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Coffee Shown to Boost Treatment for Hepatitis C

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Three or more cups of coffee per day along with the standard treatment for advanced hepatitis C disease might be the key to greater success with the treatment, reported a new study in Gastroenterology, the official journal of the American Gastroenterological Association.

As a June 7, 2011, news release from the AGA explained, patients in the study were taking the standard peginterferon and ribavirin for chronic liver disease and at the same time were asked to increase daily coffee consumption to three or more cups. Interestingly, these patients were two times more likely to respond to treatment than non-coffee drinkers.

“Coffee intake has been associated with a lower level of liver enzymes, reduced progression of chronic liver disease and reduced incidence of liver cancer,” said Neal Freedman, Ph.D., of the National Cancer Institute and lead author of the new study. He added that the correlation between coffee and better outcomes in fighting the hepatitis C virus (HCV) needed to be replicated in other studies with different kinds of liver disease patients.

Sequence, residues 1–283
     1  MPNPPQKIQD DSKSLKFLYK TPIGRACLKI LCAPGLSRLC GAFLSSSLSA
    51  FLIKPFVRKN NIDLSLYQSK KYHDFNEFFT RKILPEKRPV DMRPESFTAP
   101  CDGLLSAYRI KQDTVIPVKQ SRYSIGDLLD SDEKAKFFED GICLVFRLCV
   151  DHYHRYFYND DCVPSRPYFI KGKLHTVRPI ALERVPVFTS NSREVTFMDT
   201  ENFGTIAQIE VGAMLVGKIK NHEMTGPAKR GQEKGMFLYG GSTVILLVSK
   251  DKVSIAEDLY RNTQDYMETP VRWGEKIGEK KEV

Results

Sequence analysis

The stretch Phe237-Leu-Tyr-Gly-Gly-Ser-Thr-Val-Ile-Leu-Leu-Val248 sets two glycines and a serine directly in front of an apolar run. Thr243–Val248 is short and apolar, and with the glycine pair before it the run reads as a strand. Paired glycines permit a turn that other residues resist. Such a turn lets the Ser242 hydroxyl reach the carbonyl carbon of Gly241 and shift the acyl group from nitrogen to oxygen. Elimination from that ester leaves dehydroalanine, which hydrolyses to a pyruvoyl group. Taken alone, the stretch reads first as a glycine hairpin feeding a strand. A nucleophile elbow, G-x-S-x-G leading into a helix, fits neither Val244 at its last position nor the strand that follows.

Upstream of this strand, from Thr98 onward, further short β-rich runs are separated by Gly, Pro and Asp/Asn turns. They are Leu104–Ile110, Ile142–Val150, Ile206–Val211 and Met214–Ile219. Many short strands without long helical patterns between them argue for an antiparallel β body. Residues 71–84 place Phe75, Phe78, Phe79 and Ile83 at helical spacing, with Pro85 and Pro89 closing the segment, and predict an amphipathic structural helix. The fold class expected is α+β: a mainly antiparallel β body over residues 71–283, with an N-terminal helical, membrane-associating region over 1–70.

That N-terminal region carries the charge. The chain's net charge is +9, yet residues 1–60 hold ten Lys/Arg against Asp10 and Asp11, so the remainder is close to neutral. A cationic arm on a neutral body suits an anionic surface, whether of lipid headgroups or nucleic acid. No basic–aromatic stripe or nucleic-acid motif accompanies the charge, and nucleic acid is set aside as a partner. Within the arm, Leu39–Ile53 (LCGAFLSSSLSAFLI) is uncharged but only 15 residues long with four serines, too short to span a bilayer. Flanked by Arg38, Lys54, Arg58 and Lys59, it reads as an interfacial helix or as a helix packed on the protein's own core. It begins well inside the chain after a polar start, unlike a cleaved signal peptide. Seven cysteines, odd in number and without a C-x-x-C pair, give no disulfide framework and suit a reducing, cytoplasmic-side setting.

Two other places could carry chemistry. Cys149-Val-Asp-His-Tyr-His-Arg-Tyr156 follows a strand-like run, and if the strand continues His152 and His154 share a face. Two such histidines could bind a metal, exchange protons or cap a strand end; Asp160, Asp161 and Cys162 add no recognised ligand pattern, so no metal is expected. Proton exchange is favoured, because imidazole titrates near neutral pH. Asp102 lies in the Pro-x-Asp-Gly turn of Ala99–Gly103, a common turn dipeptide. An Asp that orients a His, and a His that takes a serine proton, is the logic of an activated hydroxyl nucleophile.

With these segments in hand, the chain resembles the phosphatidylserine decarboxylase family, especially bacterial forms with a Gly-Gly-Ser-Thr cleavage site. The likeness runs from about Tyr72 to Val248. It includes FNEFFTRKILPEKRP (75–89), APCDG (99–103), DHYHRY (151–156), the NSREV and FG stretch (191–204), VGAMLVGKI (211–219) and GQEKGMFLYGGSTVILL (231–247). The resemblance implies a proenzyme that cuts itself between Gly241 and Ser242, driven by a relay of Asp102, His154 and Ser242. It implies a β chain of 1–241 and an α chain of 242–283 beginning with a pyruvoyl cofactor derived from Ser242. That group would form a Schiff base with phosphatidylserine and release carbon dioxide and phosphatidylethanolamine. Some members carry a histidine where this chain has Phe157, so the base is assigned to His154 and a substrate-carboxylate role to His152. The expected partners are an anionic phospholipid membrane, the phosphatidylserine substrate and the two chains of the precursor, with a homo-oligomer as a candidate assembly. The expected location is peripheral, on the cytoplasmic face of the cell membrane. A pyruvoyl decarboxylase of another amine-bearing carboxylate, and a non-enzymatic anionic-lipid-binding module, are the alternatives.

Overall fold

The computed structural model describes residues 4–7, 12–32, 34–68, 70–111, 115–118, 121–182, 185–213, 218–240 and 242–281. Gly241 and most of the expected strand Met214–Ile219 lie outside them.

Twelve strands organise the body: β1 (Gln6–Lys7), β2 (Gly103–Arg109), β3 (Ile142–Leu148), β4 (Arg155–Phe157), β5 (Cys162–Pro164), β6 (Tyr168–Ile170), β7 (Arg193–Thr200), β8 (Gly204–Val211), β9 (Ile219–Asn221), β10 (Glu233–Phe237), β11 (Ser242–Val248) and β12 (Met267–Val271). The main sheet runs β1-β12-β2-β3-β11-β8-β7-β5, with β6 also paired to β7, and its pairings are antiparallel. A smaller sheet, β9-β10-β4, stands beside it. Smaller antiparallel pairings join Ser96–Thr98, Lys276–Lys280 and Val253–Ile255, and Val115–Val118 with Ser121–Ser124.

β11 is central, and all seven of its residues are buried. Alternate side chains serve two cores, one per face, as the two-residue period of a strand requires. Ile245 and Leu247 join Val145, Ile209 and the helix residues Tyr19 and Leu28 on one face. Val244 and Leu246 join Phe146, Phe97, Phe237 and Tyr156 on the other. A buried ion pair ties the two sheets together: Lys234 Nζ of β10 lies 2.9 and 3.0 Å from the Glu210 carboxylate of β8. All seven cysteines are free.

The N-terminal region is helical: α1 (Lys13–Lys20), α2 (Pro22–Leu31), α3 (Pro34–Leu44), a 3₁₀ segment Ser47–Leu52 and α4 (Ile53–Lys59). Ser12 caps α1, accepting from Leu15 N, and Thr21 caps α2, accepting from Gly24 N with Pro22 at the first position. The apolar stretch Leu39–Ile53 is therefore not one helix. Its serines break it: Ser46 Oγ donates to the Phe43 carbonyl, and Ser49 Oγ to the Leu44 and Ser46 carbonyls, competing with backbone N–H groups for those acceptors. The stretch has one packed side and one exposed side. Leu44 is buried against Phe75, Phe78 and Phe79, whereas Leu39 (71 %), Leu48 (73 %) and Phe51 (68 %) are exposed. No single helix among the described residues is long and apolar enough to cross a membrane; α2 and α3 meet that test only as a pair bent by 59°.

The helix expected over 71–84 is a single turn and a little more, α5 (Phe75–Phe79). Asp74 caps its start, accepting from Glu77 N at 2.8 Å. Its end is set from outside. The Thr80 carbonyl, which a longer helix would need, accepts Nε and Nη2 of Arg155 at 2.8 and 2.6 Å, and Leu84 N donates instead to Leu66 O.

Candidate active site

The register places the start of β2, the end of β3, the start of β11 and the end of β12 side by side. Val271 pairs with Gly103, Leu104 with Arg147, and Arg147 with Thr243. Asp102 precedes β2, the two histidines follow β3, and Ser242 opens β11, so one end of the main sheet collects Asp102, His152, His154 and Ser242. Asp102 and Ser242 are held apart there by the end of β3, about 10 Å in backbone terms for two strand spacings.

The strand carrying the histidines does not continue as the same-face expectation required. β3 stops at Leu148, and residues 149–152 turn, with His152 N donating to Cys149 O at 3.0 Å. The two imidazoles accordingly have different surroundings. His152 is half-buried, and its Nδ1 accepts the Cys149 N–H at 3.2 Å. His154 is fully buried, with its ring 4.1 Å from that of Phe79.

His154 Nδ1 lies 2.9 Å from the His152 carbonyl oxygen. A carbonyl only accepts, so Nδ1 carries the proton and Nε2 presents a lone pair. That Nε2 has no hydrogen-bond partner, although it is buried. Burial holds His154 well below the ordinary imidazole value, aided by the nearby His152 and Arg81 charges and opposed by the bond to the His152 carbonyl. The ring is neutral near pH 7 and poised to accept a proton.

This was the first time that researchers looked directly at a possible link between coffee consumption and response to anti-HCV treatment. A study in 2007 found that coffee drinking reduced the risk of liver cancer, and a 2009 study suggested that coffee consumption slowed the progression of liver disease in those with chronic hepatitis C disease.

Add to that other recent reports of the various health benefits of coffee and you can see why researchers want to continue to look at the salutary effects of a java habit.

While peginterferon and ribavirin resolve chronic hepatitis C in about half of patients, it is yet to be studied whether coffee drinking can help those being treated with two newer drugs on the market, telaprevir and boceprevir.

A hepatitis C infection often comes about through contact with contaminated blood, for instance, in the sharing of needles during illegal drug use. Sometimes the virus can lie dormant for years without showing symptoms. If it begins to cause liver problems it needs to be treated with an antiviral medication.

According to the AGA, between 130 million and 170 million people worldwide have a chronic HCV infection.





Reviewed June 16, 2011
Edited by Alison Stanton

We value and respect our HERWriters' experiences, but everyone is different. Many of our writers are speaking from personal experience, and what's worked for them may not work for you. Their articles are not a substitute for medical advice, although we hope you can gain knowledge from their insight.


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